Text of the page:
A man surgically trims his fingers to better use the iPhone.

First time I heard of the video capsule being lodged within the digestive tract.

Arnold Kling solves the health care problem:

In politics, the victim status of the uninsured is overstated. Meanwhile, the health policy debate is ignoring some important victims:

--The future victims of the financial unsoundness of Medicare

--the victims of the licensing cartel, which lowers productivity and raises costs

--the victims of the wasteful medical expenditures promoted by consumer insulation from cost, which in turn is promoted by ...

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Odds on health reform

Are you backing the right horse?

A 50-year-old woman presented with abdominal tenderness, fever, and vaginal bleeding. A crazy case from the NEJM.



(via Graham)

Rattlesnake bite

Story and graphic pictures:

On July 21, 2002, just after my 13th birthday, I was bitten by a Northern Pacific rattlesnake (the snake was originally identified as a Western Diamondback rattlesnake, but that species is not found near Yosemite). I was located on a trail in a hiking area near Yosemite National Park, California. The bite occurred when I was sitting on a small boulder at a distance of ...

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"Free" antibiotics

There's always a catch.

Some doubts:

No one really knows whether preventive medicine will save money in the long run, let alone free up the billions of dollars a year needed to help pay for universal health insurance. In fact, studies have shown that preventive care "” be it cancer screening, smoking cessation or plain old checkups "” usually ends up costing money. It makes people healthier, but it's not free.
(via
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Why Sicko bombed

Analyzing the tepid box office returns:

Boosters argue that Fahrenheit 9/11, which had much sexier subject matter, isn't a fair comparison and instead point to Moore's 2002 Bowling for Columbine. Certainly Sicko looks healthier next to Columbine's total domestic take (adjusted for inflation and ticket price hikes) of $24.1 million. But consider that Sicko benefited from much greater pre-release media attention, and was showing in over 1,000 theaters at its widest ...

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Or is it a myth?

The bottom line is this: the true administrative costs of government-run health care aren't lower than those of the private insurance industry. This is just another myth promulgated by the evangelists of socialized medicine.

Limit specialists?

That is Matthew Holt's solution to cutting physician pay:

What's the rational answer? Do what most other countries do and restrict the amount of specialty positions available. Instead insist that most physicians focus on primary care which is both cheaper to the system and more cost-effective. Of course, doing that would be better for the system overall, but it would be worse for individual physicians--or at least for their ...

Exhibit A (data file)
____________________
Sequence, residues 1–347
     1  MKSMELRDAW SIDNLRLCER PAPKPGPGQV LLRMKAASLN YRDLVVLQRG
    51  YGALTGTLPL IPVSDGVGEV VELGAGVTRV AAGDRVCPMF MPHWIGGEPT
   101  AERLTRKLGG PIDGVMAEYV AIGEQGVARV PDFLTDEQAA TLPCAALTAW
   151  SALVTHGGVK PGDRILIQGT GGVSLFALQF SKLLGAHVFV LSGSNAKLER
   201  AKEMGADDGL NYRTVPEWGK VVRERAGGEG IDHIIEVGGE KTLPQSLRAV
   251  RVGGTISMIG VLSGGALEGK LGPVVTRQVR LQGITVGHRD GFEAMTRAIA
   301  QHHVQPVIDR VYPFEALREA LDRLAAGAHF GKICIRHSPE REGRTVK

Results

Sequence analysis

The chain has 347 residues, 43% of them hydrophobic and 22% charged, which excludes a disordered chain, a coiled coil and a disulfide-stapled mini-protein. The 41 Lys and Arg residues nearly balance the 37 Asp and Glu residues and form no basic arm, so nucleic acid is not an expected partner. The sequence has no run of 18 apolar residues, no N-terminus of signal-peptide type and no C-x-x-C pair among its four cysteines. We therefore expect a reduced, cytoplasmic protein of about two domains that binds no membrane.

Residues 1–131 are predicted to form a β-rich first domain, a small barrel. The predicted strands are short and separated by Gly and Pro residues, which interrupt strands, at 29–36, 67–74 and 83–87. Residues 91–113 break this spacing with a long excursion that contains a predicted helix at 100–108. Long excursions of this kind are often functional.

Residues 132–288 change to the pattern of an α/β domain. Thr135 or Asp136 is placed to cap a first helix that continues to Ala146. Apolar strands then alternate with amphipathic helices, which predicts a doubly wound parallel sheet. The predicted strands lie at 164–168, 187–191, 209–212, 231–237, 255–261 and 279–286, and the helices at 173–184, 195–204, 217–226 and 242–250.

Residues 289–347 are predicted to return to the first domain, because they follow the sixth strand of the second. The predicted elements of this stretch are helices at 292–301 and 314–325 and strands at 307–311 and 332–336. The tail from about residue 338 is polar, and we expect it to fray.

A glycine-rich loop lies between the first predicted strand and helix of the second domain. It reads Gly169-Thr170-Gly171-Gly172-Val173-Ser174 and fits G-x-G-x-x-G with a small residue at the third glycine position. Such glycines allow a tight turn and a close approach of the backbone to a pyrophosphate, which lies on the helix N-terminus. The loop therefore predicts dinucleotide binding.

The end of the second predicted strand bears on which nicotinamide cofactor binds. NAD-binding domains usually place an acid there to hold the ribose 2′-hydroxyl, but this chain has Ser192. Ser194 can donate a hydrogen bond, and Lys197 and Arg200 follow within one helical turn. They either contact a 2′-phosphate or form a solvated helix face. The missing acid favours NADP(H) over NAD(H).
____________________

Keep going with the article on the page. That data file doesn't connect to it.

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Fork in nose

That looks painful. (via GruntDoc)

Cardiac bypass 101



(via Dr. Wes)

The dangers of quality

How P4P can be dangerous if implemented poorly:

The hubris,arrogance and naivete that I believe characterize those who make rules for how to treat individuals based solely on group data ignoring the input of the physicians on the scene is even worse that the folks who simplistically sprout out coarse grain outcome data quality indicators such as percentages of patients with HbA1c less than 7 %. In the later ...

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Sid Schwab talks anal fissures.

Anatomy tattoos

Street Anatomy collects what she can find.

keagirl takes exception to this ridiculous attitude:

The bottom line is that whether we are in clinic, the ward or in the OR, we are a team. We need to work together and do whatever needs to be done for efficiency sake and for the good of the patient. There is not a job in clinic that I consider "beneath me". I'll answer the phones (albeit pretending not to ...

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Guidelines are all the rage these days. For good reason.

The AMA and ACP is supporting the CHAMP bill because it contains a reprieve from the upcoming Medicare cuts.

Don't get your hopes up.

More about the folly of cutting physician Medicare payments.

Bring Vioxx back?

Some patients can't live without the withdrawn drug. (via The WSJ Health Blog)

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